If you love RVing, you know how important it is to have a reliable power source for your appliances and electronics. Whether you want to watch TV, charge your phone, use a microwave, or run an air conditioner, you need an inverter that can handle the load.
But how do you know what size inverter for RV you need? And what are the features and types of inverters that you should look for?
In this blog post, we will answer all these questions and more. We will explain what an RV inverter is, why you need it, how to choose the right size and type, and what to consider when buying one and more.
By the end of this post, you will have a clear idea of what size inverter is for the RV you need and how to find the best one for your needs.
Let’s dig in!
What Is an RV Inverter? Why Do You Need It?
An RV inverter converts direct current (DC) from your batteries or solar panels into alternating current (AC) that can power your appliances and electronics. It allows you to use your batteries or solar panels as a source of AC power, which is more efficient and eco-friendly than using traditional generators. With an inverter, you have more flexibility and freedom to camp off-grid or boondock without worrying about finding hookups or running out of fuel.
Without an inverter, you might not be able to use many of the devices, such as a TV, a laptop, a coffee maker, a toaster, or a hairdryer, that make your RVing comfortable and enjoyable. Instead, you would also have to rely on propane or gas generators or portable power stations for heating and cooling.
Most RVs have a 12-volt DC system, while most household devices use 120-volt AC.
RV and Camper Inverter Size Calculator
To determine the right size inverter for your RV, you should calculate how many appliances you will run simultaneously. For most RVers, a 2000W or 3000W inverter is enough to power an RV unless you have an unusual number of high-power devices running simultaneously.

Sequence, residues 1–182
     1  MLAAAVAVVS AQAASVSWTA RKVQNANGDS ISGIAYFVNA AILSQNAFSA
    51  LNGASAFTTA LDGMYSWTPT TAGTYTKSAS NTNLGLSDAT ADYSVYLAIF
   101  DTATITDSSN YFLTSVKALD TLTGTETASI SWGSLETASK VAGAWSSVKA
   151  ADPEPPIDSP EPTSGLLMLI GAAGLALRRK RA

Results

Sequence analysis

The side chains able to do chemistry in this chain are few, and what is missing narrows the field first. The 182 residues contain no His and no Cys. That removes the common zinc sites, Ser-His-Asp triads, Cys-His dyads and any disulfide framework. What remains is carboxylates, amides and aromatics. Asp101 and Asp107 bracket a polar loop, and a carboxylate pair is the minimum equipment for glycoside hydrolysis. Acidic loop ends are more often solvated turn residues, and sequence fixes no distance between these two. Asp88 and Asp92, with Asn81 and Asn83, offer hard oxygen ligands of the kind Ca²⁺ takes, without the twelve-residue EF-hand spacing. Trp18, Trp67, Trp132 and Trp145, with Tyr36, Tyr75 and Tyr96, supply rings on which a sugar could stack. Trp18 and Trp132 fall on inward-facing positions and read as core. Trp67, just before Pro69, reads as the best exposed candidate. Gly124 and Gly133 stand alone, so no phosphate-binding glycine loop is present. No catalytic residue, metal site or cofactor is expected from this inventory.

To calculate the exact size of the inverter you need, you can follow these steps:
Make a list of all the appliances or devices you want to run at the same time and their wattage. You can find the wattage on the label or manual of the device, or use an online wattage calculator.
Add up the wattage of all the devices. This is your total wattage.
Then, multiply your total wattage by 1.2 to account for power surges or spikes that may occur when some devices start up or shut down. This is your surge wattage.
Finally, choose an inverter that has a continuous output rating equal to or higher than your total wattage, and a peak output rating equal to or higher than your surge wattage.
For example, let's say you want to run these appliances on your RV simultaneously:
- TV: 150 watts
- Laptop: 50 watts
- Microwave: 1000 watts
- Coffee maker: 800 watts
Your total wattage is 150 + 50 + 1000 + 800 = 2000 watts.
Your surge wattage is 2000 x 1.2 = 2400 watts.
Therefore, you would need an inverter that has a continuous output rating of at least 2000 watts and a peak output rating of at least 2400 watts. For example, a BougeRV’s 2000W inverter can power the RV in this case.
Can an Inverter Power a Whole RV?
Most inverters can handle small to medium-sized appliances and electronics, such as TVs, laptops, microwaves, coffee makers, fans, lights, etc. With a 2000-watt pure sine wave inverter, you can run most larger RV appliances such as TVs, microwaves, coffee makers, RV refrigerators, toasters, computers, stereos, and ceiling fans.
However, air conditioners, heaters, power-hungry refrigerators, electric stoves, hair dryers, electric kettles, irons, etc., these devices either have high wattage or high surge power that can overload or damage your inverter. They are also not compatible with modified sine wave inverters which can lead to overheating or malfunction.
If you want to power these devices with an inverter, you would need a very large and expensive inverter that can handle their power needs. And you would need a lot of batteries or solar panels to supply enough DC power to the inverter.
How Many Batteries Do You Need?